In the words of Peter Kelly, Chris Crummey is "an absolute mountain of a man".
But Crummey has the athleticism and hurling savvy to complement his colossal frame, reckons his Lucan and ex-Dublin teammate, and that explains why he has flourished in a new attacking role in this strangest of summers.
Eleven days ago, Crummey shot 0-5 from centre-forward as Lucan caused a significant quarter-final upset in the Dublin SHC, toppling Kilmacud Crokes.
Mattie Kenny dabbled with a similar relocation during Dublin's distant Allianz League campaign, before a broken collarbone against Wexford curtailed the experiment and then Covid-19 put the entire season in cold storage.
And it could yet be revisited by the Dublin boss, especially if Crummey maintains his recent prolific form in Parnell Park this Sunday. Sarsfields are seeking to slay another heavyweight - Cuala - to reach only their second Dublin SHC 'A' final in history.
"You would have seen it against Galway last year in Parnell, that he has the athleticism to get up to the forwards and the ability to finish off scores as well," says former All Star Kelly, who was forced by injury into inter-county retirement two years ago.
"He's not your typical wing-back that is just about distributing the ball in. He loves getting his name on the scoresheet.
"Last year, when we first tried him at centre-forward, he was brilliant - and he got a Dubs Star," he adds, alluding to Crummey's selection as a substitute on the Dublin Bus/Herald scheme that recognises club form in the capital.
"It shows the ability he has, because it's not easy batting a puckout back at one end and getting someone batting down on top of you at the other end!
"But he has bags of ability and the physical attributes to do it.
"So, it's a great option for us to have him there, and I'm sure Mattie Kenny is looking and saw him scoring five points from play the last day against Kilmacud.
"It was a no-brainer for us, but it probably made Mattie Kenny sit up and see what options he has up there."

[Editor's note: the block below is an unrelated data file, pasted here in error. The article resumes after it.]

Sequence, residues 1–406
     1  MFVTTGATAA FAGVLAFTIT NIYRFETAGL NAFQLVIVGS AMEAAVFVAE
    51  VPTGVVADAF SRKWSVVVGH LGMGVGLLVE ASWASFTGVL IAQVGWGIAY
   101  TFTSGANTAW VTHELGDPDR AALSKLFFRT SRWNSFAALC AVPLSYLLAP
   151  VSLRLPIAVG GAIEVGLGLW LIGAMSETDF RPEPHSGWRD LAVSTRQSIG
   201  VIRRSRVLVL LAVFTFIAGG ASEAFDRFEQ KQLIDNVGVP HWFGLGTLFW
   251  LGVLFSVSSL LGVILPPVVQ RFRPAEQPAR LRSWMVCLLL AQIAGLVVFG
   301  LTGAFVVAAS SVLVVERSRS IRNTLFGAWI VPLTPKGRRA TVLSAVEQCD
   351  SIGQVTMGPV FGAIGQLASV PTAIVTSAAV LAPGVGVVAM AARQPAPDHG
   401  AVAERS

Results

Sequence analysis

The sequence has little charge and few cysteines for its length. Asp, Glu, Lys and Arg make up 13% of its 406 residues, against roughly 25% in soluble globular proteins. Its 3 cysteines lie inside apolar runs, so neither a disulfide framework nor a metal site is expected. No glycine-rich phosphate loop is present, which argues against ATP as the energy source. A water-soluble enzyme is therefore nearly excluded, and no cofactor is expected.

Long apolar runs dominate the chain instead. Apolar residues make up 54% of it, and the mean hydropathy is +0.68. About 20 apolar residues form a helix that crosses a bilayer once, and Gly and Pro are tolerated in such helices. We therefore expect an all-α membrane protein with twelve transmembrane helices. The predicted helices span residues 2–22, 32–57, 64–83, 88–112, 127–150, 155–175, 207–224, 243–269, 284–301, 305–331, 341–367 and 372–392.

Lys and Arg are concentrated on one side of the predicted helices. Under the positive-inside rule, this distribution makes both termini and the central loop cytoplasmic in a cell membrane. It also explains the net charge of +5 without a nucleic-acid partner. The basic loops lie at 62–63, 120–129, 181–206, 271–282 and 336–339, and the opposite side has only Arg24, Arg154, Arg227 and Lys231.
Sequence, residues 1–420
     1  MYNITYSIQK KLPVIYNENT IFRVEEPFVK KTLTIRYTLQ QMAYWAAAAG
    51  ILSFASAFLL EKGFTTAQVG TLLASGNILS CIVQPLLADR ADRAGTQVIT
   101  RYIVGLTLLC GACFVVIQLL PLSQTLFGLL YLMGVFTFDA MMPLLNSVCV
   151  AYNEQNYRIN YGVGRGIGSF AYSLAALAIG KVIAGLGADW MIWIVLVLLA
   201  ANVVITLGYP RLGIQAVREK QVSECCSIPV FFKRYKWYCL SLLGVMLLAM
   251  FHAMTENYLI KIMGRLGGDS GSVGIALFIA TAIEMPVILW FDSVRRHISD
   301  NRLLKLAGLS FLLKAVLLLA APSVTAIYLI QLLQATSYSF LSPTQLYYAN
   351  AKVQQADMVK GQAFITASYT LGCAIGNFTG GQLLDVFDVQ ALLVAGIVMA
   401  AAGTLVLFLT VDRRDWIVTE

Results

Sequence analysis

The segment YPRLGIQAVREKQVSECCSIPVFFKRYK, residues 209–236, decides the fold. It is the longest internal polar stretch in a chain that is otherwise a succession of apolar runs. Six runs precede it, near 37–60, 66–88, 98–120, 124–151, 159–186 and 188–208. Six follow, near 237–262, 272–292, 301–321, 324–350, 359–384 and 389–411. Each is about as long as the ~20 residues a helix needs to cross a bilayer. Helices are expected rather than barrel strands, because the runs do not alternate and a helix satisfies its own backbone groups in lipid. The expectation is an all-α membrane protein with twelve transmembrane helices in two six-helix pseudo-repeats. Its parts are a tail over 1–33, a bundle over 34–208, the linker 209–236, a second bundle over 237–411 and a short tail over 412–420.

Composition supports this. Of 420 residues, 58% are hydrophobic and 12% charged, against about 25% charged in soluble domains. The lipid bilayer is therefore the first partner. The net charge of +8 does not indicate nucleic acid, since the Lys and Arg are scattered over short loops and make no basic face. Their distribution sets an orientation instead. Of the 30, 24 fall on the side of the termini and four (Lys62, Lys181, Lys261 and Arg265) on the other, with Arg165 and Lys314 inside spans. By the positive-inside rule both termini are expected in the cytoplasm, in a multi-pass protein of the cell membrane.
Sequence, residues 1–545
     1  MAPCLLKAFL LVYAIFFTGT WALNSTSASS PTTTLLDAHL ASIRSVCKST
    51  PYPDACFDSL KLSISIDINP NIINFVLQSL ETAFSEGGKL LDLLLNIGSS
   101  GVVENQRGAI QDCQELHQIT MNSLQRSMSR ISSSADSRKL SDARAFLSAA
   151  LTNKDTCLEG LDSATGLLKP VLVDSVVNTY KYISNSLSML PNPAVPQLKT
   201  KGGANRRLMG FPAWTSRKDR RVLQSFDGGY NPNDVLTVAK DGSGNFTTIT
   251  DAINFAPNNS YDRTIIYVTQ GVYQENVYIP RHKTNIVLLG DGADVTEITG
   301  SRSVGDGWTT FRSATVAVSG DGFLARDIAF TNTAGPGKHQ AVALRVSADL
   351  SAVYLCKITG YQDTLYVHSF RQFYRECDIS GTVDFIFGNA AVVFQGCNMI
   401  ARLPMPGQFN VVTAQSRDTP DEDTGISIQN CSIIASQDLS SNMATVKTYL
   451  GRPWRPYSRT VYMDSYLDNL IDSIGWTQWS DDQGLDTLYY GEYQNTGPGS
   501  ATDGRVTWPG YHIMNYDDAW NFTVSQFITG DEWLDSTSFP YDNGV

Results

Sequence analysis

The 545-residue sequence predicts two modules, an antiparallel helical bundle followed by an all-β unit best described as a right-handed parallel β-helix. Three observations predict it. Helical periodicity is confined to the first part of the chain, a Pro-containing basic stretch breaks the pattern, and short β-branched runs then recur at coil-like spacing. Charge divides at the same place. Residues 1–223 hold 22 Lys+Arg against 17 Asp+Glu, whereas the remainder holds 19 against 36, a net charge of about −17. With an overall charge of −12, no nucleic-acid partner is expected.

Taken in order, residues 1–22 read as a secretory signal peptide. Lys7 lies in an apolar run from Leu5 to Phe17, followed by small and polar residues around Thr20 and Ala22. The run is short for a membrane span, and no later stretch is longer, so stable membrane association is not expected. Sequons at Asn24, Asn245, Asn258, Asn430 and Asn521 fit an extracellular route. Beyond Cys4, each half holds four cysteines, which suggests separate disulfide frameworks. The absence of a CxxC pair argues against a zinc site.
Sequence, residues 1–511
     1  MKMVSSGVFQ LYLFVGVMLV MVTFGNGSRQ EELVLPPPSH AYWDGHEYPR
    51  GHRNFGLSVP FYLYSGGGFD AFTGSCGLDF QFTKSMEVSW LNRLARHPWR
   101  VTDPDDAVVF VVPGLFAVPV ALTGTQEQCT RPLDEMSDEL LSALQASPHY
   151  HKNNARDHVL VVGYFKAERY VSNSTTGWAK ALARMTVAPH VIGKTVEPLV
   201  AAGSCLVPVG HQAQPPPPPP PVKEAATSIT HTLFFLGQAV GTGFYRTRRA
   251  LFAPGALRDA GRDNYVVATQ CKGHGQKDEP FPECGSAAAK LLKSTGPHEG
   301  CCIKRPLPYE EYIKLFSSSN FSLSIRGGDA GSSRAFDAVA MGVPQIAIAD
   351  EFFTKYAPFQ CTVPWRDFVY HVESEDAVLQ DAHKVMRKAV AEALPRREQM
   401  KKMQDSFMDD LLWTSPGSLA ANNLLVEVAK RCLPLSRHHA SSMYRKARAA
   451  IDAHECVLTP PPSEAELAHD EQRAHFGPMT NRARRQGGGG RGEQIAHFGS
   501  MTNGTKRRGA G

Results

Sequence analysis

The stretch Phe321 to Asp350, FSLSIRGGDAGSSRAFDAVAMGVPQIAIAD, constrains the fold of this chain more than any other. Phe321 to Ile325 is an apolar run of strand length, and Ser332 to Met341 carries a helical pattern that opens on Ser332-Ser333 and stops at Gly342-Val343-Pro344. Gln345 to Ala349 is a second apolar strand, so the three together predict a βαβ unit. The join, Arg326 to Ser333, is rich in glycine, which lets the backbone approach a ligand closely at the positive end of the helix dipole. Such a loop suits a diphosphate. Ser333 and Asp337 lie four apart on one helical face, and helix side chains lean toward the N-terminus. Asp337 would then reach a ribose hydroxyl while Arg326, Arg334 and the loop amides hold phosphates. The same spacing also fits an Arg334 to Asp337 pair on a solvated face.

It is, Kelly stresses, "a lot easier" for a forward to become a defender than vice-versa.
"Only a certain number of players have the ability to do it. The height Chris has and the physical strength he has, it's obviously a huge plus up there - it's not just his hurling ability, he's also an option for puckouts and to win the dirty ball. There's no real downside to him being up there."
Kelly himself knows all about moving between the lines. His own Dublin career started at half-forward. Anthony Daly later switched him to half-back; but his subsequent move to full-back, a position where he scaled his All Star peak in 2013, owed plenty to fate.
Dublin were facing Galway in a 2011 Leinster semi-final in Tullamore. Tomás Brady tore his cruciate, just as Joe Canning was racing away to score an early goal - Kelly immediately moved from centre-back to full-back, with Liam Rushe reverting from midfield to No 6.
"If it didn't happen in the middle of a game it may not have worked," he now admits. "You would have got caught up in your own head about going in to mark Joe Canning in a Leinster semi-final. It would have overcome you.
"I always say it's easier to be a back than a forward after playing in both positions. Certainly, at inter-county, I probably wouldn't have had the career I did if I stayed up in the forwards."
Yet that career was cruelly cut short. His last start was against Galway in May 2015, when he tore his hamstring off the bone - and his last appearance that July, as a sub against Waterford.
Then, that September, he dislocated his kneecap in a club challenge. That injury would prove his ultimate undoing.
He missed the 2016 county season; opted off Ger Cunningham's panel in 2017 for non-injury reasons; then his attempted 2018 comeback under Pat Gilroy proved a bridge too far. He retired that April, having turned just 29.
Does he miss it? "You obviously get the grá for it when you're walking into Parnell to watch the lads play, or you're heading into Croke Park," he muses.
"But I'm always starkly reminded that I had to step away because of my knee. It wasn't as if I retired because of age or ability or I was surplus to requirements ... it made it a bit easier for me because the decision was made.
"If I was still fully fit, would I be enjoying the game still? Absolutely. But it's a very different game since I stepped away; it's even more of a full-time job, the way the game has gone. It's quicker and it's harder, and it's more and more elite as the days go on."
Now 31, and back playing in the half-forwards, his body can handle the demands of club and his mind is focussed on that elusive prize. "We've had decent success at underage," he reminds, alluding to last year's Dublin U21 title, "but we've never really made that final breach into the senior grade.
"Fair enough, we made one county final (against Ballyboden) but that's seven years ago now ... we've fallen at the last hurdle enough times and that hunger does drive you on.
"But there's a group of (young) players who have never lost semi-finals, and they've only ever known success. So we're learning as much from them as the other way around. There's a great blend of youth and experience, so hopefully that will count for something."